The thing is that “you’re not alone” is a strong and much-needed message in the lives of Christian women–heck, in the life of any woman. We all seem to think we are alone, that we are the only ones who suffer, that no one can possibly understand. We feel others will judge or shame us: “they live such happy lives, they couldn’t understand”; “if I tell them about my situation, they’ll tell me how it’s my fault”; “I can’t reveal the truth because I’ve put on a mask for too long.” When the truth is those “others” have probably also faced similar circumstances and we just didn’t witness it, and they are probably just as desperate to share their story to someone who would listen.

Besides, how do we have the Bible? Because Jesus’ disciples decided to tell their stories. And their stories impacted the world.

I’ve learned a valuable lesson: telling your story is important. It doesn’t matter what it is. Do not compare it to others’ stories; your story is your own. And your story is special because it is yours. God’s impact on our lives was never meant to be a secret–every time He does something, we are to shout our praise and give Him the glory and point others to Him. And how else do we do that than by telling our stories?

What Is Strength?

“Strength comes from doing what you thought you couldn’t do.”

Okay, so this is actually from the trainer with the Beachbody exercise program I’ve just started. She uses it to push you to give a little more in your workout, but it rings true for life.

If you had asked me a year ago if I would make it through this storm, I would have said “no.” Beyond that, if you had ever before asked me if I could handle this type of devastation, I would have said no. But the year and a half has changed me.

Because I was thrust into (extreme) discomfort, God had an opportunity to pour into me in ways I had not before imagined. It caused me to draw near to Him. A year ago was the first time I truly cried out to Him, and I have felt Him with me ever since.

This time last year I was a complete mess. I was so depressed I could barely function. I wanted to sleep all day, wishing I could just sleep away the problems. But sleep didn’t solve anything, and, in fact, it started to make things worse. So I pulled what my pastor once referred to as a “Hail Mary”: I called out to God more sincerely than I ever have in my life. And then I started going to church.

And that’s when I started to gain strength.

I was suddenly surrounded by people who I felt comfortable opening up to. I was talking and socializing, something I didn’t think I was capable of. (I had even told a friend of mine I didn’t want to make friends at the time because I couldn’t be a good friend because I was struggling too much.) I started thinking about leaving the job, and then I did. I gained confidence as I began writing more. I was talking more than I had in weeks. I still remember the first real smile I had after everything, and do you want to guess where it happened? At church.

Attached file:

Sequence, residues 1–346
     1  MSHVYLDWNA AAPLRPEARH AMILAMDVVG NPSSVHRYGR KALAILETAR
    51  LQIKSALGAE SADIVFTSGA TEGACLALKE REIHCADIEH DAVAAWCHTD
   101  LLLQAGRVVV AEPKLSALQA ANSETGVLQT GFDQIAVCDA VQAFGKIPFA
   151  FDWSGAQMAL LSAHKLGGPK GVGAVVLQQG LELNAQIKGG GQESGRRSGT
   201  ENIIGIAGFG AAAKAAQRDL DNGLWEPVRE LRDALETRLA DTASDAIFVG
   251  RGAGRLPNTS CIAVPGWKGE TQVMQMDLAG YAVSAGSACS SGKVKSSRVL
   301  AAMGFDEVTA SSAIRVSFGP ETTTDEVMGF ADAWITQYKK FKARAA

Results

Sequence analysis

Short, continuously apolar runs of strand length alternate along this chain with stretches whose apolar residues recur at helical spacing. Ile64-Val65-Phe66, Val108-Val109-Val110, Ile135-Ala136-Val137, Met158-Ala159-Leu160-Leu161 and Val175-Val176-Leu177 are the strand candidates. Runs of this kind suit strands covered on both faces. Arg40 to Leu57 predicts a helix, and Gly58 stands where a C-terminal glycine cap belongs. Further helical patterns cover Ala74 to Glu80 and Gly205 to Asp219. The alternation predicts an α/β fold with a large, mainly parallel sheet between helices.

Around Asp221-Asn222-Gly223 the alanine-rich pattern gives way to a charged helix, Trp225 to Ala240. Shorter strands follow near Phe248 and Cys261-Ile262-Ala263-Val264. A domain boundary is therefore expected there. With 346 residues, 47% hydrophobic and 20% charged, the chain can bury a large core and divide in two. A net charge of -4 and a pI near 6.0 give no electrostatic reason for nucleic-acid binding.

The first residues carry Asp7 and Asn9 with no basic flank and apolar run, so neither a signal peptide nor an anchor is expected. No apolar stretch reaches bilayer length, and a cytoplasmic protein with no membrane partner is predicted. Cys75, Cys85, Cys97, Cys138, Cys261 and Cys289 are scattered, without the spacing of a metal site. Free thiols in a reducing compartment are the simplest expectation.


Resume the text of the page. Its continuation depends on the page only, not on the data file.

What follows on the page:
A friend (let’s call her A) recently told me her boyfriend had expressed to her that he thought A and I would become close because we are both so social. I looked at her for a moment, laughed, and said, “I’m really not that social.” But it was then I had a realization: God had given me the strength to keep pressing on and to socialize when I had never thought I could.

So here I am.

A year ago today, I couldn’t even think about lasting all day outside let alone beginning a new exercise or health regimen. A year ago today, I was so distraught I thought I would never smile again. A year ago today, I couldn’t tell you who or what I was. A year ago today, I was not who I am today.

Today, I proudly call myself a writer. Today, I make plans with girl friends to go do things. Today, I can leave my phone at home without having anxiety. Today, I sleep because I am exhausted from a job I enjoy. Today, I don’t always have to force a smile or a laugh. Today, I can breathe.

I never thought I would be able to get through this. I am by no means saying my storm has passed, but I know I can stand firm in the storm because God is my strength. I have a mental picture of myself standing in the midst of a tornado, as it is swirling around me, but I am unmoving.

We battle what we do for a reason. I believe that reason is so God can use it to strengthen us, to make us turn to Him, to enhance the relationship we have with Him. If you’re in the middle of a storm, know that you will get strength as you press into God and He walks you through the darkness.

So, sure, strength in exercising is important, and you gain muscle by pushing yourself. But you strengthen your faith “muscle” by believing even when it seems like your world is crumbling. It can be scary, and it is not easy at all, but it is worth it.

 

The Thing About Goals

What does reconciliation look like? How long will it take?

I was asked these questions a few weeks ago, but they are questions I don’t have solid answers to. By definition, reconciliation means: (a) agreeing to an amicable truce; (b) resigning to something not desired; and (c) the process of making consistent or compatible. Of course, in the case of which I am speaking, Option C is the definition I am going with.